There’s a scene in Sicario where Kate Macer (Emily Blunt) angrily asks what her squad is doing stuck at the Mexican border, as several cartel members descend on their vehicle. It’s an honest question, because up to that point, she really doesn’t have any clue what’s going on.  And the reason for that is simple: no one has any clue what’s really going on. In Denis Villeneuve’s third English language film, the Mexican border is presented as sheer chaos, with bad people on both sides of the line who are fighting for their own selfish needs. With an intriguing script from first-time writer Taylor Sheridan and absolutely stunning cinematography from industry veteran Roger Deakins, this is another homerun for Villeneuve. It’s a topnotch film in almost every department and it’s sure to provide viewers with one of the most tense viewing experiences of the year.

In a suburban Arizona community, a SWAT team descends on a house that they believe could contain several hostages. Inside, they find a grizzly crime scene with dozens of corpses hidden inside the walls. One of these agents is Kate Macer and after discovering these bodies, she’s called to headquarters where she’s introduced to Matt Graver (Josh Brolin), an extremely laid-back government agent. Graver asks her to take part in a secretive government mission that would combat the drug war taking place at the Mexican border. She reluctantly agrees, joining Graver and another mysterious individual named Alejandro (Benicio Del Toro) as they travel south into Mexico. Little does she know that by accepting this job, she’s putting more than just her life on the line.

From its opening sequence all the way to its stunning conclusion, Sicario is packed to the brim with tension. Villeneuve stacks fantastic sequence upon fantastic sequence and somehow the film continually manages to top itself. The opening house raid and discovery of dozens of corpses inside the walls is shot more like a horror film than an action movie and it sets a dark tone that permeates throughout the rest of the film’s two-hour runtime. Without a doubt, the most suspenseful scene occurs when Kate and her squad attempt to sneak the brother of a Mexican drug lord across the border. Getting into Mexico is simple, but getting back into the U.S. is an entirely different ordeal.  They’re told that if there’s going to be any retaliation, it’s going to be at the border, so tensions are already high when they hit a section of standstill traffic. As they look around their vehicles, they realize that an attack could conceivably come from anywhere and it’s more a question of when the attack will happen rather than if it will happen.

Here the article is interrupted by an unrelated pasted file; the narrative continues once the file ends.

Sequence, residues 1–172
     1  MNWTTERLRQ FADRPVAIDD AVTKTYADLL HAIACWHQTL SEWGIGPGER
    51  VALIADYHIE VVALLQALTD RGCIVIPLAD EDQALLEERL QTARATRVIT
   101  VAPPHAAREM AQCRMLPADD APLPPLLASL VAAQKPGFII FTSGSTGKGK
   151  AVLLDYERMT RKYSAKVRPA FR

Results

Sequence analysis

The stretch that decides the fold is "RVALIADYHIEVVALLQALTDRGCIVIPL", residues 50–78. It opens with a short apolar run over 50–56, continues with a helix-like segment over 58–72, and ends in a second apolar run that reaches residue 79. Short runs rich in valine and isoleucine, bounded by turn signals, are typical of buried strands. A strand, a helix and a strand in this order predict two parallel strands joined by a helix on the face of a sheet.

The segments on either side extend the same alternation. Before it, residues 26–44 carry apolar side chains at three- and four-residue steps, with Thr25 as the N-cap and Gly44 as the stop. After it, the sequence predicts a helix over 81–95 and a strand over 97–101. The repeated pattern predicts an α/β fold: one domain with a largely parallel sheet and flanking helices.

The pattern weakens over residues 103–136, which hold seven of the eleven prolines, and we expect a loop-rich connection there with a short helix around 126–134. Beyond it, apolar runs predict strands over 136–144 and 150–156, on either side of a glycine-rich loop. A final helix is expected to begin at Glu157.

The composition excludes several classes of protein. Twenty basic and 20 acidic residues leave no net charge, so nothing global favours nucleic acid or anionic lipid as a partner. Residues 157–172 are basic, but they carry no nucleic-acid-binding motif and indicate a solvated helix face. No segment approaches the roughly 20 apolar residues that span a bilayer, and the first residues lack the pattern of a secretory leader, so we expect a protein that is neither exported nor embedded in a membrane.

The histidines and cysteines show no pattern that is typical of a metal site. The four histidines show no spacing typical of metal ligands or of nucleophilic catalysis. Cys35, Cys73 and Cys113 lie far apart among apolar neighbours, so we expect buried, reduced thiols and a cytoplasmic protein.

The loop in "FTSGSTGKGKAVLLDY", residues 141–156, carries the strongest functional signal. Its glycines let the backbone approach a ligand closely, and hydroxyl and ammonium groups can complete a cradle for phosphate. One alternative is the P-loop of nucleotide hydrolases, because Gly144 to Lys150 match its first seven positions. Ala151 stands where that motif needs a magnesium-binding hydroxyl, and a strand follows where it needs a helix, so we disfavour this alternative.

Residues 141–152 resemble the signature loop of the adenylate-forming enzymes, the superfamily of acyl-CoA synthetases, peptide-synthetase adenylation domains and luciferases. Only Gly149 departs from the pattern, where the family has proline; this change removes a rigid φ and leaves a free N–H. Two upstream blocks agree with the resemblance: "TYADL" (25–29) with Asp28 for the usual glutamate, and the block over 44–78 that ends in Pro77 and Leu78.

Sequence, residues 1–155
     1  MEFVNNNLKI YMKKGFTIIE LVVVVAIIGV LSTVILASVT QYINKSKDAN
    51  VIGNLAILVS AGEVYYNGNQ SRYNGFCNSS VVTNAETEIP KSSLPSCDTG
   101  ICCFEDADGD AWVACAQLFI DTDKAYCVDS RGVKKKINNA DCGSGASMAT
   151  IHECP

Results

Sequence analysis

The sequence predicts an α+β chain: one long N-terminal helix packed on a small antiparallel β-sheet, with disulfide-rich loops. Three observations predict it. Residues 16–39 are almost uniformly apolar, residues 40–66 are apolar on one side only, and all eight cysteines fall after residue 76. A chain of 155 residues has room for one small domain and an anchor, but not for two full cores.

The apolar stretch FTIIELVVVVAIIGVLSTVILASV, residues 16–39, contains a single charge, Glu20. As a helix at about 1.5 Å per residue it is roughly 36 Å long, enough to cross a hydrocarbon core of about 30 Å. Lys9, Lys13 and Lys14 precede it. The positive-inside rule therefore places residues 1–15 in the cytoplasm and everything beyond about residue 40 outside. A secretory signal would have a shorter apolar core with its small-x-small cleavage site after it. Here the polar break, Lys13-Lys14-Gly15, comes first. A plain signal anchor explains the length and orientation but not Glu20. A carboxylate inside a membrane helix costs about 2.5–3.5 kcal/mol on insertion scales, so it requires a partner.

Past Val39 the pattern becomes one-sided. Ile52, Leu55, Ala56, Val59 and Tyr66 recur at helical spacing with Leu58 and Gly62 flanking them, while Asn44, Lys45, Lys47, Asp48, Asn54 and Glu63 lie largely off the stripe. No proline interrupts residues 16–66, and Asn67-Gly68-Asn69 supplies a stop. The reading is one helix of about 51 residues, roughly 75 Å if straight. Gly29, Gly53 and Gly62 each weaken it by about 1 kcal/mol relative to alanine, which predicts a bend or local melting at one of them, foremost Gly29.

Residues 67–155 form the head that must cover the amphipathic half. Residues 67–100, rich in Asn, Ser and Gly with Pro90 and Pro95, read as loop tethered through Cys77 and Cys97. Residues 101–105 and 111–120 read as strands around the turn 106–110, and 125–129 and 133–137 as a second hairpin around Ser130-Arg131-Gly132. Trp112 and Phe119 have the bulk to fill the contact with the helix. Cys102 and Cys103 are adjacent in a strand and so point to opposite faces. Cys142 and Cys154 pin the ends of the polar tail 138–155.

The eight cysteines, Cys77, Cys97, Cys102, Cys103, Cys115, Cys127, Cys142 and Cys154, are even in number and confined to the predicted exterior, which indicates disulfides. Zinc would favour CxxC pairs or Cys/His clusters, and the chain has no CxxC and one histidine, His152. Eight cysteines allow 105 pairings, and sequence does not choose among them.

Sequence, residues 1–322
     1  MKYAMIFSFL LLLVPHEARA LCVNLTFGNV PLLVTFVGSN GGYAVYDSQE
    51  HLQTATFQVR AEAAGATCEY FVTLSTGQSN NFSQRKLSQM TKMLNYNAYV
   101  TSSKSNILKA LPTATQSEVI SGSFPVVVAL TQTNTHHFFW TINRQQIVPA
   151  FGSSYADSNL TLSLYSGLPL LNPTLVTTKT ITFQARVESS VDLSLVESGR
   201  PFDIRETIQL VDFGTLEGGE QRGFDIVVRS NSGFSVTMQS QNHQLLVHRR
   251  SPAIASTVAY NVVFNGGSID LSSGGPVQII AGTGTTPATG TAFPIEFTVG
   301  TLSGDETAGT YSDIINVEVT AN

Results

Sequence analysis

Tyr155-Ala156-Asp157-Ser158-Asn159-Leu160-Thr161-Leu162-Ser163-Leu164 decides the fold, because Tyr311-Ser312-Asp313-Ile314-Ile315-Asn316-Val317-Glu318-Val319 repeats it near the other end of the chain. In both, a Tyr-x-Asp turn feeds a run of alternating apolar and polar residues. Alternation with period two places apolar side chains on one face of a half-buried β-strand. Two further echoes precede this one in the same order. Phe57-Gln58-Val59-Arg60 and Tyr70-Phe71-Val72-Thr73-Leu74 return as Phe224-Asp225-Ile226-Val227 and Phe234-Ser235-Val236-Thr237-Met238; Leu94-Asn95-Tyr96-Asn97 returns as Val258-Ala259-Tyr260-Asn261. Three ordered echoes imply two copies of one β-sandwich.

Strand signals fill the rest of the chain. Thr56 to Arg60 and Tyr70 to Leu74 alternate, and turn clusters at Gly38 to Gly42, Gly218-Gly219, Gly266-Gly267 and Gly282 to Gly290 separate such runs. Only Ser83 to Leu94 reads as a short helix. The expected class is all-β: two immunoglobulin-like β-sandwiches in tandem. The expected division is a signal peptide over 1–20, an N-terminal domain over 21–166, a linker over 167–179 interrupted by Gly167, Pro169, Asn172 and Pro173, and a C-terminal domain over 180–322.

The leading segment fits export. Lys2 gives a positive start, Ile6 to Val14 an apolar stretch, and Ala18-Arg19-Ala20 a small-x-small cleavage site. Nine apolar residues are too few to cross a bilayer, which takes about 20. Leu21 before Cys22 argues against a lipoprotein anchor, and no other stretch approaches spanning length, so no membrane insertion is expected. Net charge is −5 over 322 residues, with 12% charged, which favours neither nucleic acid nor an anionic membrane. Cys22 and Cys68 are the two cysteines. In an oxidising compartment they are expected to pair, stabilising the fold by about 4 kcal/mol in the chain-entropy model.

These sequences of extreme anxiety are all exquisitely lensed by Roger Deakins, who puts in some of his best work in recent years. From the opening shot which contrasts a normal looking Arizona suburb against the desolate desert landscape to the climactic moments in an extravagant Mexican mansion, the visuals in the film never take a misstep, always looking fantastic, but never becoming so artsy that they distract from the story at hand. And the story at hand is quite a good one, presenting the war on drugs without any clear heroes or villains. It’s unclear how far Kate is willing to go to catch the men that are causing so much pain, but some of the men that she’s working with are going to break as many rules as they so desire. Their ultimate objective is to cause as much chaos as they can within the criminal community, which will hopefully lead them to the man in charge of it all. Will some people be hurt or even killed in the process? Sure, but Kate seems to be the only person with any qualms about this.

She was awesome in last year’s Edge of Tomorrow and Emily Blunt’s performance as Kate Macer only further cements her status as a female action star. She’s just as tough as the guys and thankfully there isn’t a moment in the film where someone feels the need to comment on her ability to do a job that is typically associated with men. She’s great at what she does and that’s all that matters. As Matt Graver, Josh Brolin is perfectly cast as the seemingly carefree government agent. Early on in the film we’re introduced to Matt, who is taking part in an important meeting with several government officials. The camera eventually pans to down to reveal Matt wearing flip-flops, an odd choice in a profession where people typically wear suits and ties. It’s a great character moment and Brolin perfectly exudes Matt’s easygoing demeanor. Finally, Benicio Del Toro is fairly subdued throughout most of the film, but an incredible sequence in the film’s third act reveals certain things about the character that only enhance Del Toro’s performance.

“This is a land of wolves now,” Alejandro tells Kate towards the end of the film. Kate is great at her job, but she’s also a good person and that trait may prevent her from surviving in a land full of wolves. Sicario is an unrelenting look into this bleak world and a film that benefits from the confident direction of Denis Villeneuve. If he can continue creating films that are as good as this and his last few efforts,  there’s he might just have what it takes to become one of the best filmmakers in the business. Sicario doesn’t offer many resolutions, but this is a topic that rarely has a happy ending. Try as we might, the drug trade just keeps on moving forward and there’s nothing that either side of the border can do to stop it.

Sicario receives 4/4

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